Global online car hire service major Uber's IP address may get blocked in India if it does not obtain a radio taxi licence to ply its cabs in the national capital, according to a The Economic Times report citing unnamed Delhi Transport Department official.
This will effectively shut down the company's operations across all 11 cities in India.
Uber, which terms itself a technology company and not a transport provider, has been given time till today to submit a revised application for a radio taxi licence by the department, the report stated. We have contacted Uber and will update the post as and when we hear from the company.
Uber was banned by Delhi Government in December last year following rape allegations against one of the drivers contracted to the firm. At the time, Delhi's transportation department had ordered all web-based applications be shut down pending grant of a radio-taxi license. Uber had applied for taxi licence but has not been able to receive one as yet.
However, the company had resumed its operations in the capital within a few weeks by adopting Pooch-O's model, which is a mobile application that aggregates information about autos in the city. Developed by DIMTS (Delhi Integrated Multi-Modal Transit System Ltd), a joint-venture between Delhi government and Infrastructure Development Finance Company (IDFC), Pooch-O's model has already been approved by the transportation department. This allowed Uber to legally operate, while working out the details of a long-term solution with the government.
While the company had stopped charging a 20 per cent commission from drivers under this model, its service was still deemed illegal as the money charged from customers first went into Uber's account.
In the wake of the rape incident, the firm had also added several India-specific safety initiatives that included setting up a local team of safety experts to detect fraud; verify and authenticate driver and vehicle documents; engage local and global experts to evaluate the most effective background screening solution across India (a pilot programme of which is already running in select cities like Delhi); fitting physical GPS devices in all vehicles; setting up local customer support centres; and adding a 'ShareMyETA' button that allows riders to send complete trip details to family and friends.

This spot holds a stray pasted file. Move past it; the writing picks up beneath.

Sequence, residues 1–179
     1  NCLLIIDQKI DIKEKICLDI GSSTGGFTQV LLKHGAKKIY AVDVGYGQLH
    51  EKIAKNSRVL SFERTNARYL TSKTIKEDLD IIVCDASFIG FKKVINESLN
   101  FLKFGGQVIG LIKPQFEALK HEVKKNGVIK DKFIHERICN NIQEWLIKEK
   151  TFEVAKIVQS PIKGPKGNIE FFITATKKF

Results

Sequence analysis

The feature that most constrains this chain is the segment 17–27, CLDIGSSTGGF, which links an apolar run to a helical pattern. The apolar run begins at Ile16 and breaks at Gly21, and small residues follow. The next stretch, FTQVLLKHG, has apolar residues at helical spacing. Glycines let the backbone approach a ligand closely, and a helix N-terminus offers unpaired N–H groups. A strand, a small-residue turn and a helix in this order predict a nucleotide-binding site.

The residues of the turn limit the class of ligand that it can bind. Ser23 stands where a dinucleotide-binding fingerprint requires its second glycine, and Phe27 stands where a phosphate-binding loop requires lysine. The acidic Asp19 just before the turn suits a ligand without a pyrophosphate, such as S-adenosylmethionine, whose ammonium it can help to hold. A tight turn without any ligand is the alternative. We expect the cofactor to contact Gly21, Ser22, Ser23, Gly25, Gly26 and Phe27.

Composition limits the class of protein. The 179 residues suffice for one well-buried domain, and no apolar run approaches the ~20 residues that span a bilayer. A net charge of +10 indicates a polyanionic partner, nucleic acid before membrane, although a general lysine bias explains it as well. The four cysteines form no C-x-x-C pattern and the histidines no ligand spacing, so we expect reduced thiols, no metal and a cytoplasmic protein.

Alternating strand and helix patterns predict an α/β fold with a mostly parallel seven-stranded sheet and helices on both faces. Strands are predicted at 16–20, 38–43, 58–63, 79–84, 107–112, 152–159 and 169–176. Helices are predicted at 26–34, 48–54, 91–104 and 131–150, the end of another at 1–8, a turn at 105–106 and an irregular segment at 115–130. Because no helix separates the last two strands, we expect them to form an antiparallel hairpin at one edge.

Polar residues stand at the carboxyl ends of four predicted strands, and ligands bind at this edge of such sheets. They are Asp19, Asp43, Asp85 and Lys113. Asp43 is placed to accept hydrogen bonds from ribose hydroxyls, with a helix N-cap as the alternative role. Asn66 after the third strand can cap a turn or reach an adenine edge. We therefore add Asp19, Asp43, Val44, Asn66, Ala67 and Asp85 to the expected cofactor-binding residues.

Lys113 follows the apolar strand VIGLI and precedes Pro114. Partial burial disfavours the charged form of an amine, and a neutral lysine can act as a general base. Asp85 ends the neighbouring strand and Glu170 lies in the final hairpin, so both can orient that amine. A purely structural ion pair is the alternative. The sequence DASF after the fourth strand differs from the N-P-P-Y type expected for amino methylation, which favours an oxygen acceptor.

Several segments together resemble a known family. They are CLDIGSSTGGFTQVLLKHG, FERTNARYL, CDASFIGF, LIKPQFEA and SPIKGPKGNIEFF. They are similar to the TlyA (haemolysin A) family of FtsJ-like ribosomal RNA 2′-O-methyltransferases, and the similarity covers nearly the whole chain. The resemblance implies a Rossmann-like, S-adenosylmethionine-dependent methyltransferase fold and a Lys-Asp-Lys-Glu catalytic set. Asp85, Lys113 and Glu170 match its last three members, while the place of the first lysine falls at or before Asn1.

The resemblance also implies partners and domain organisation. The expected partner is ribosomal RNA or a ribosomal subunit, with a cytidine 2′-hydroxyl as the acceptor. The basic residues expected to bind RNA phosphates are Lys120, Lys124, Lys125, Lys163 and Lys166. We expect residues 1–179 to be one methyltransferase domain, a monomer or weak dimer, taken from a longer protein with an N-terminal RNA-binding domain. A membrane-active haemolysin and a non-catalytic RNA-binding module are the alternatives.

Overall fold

Recently, it had partnered with Safetipin, a mobile app which is a guide to the safety of cities and locations across the world. It includes a 'safety score' for towns and cities created by the service's nine-point audit that covers the lighting, openness, visibility, security, walk path, crowd & gender diversity, and density of each location. It also takes data from users, who can upload photos and details of flashpoints and incidents at places they visit.
Launched in 2009, San Francisco-headquartered Uber is one of the heavily-funded online car hire services in the world. The company enables users to request a ride any time using its iOS and Android apps, as well as from its mobile site m.uber.com. Uber is simply a booking platform and the cars are not operated by the company.
Uber started its operations in India in October 2013 and is already present in 11 cities that include Bangalore, Chandigarh, Chennai, Jaipur, New Delhi, Pune, Ahmedabad, Kolkata, Hyderabad, Mumbai, and Kochi.
It had recently increased the size of its Series E round of venture financing by $1 billion, taking the total funding in the latest round to $2.8 billion. To date, the company has raised more than $4.3 billion.
In the cab booking segment in India, Uber competes with domestic players like Olacabs, TaxiForSure (backed by Accel Partners and Bessemer Venture Partners), Savaari, taxiGUIDE and Cabs24X7, among others.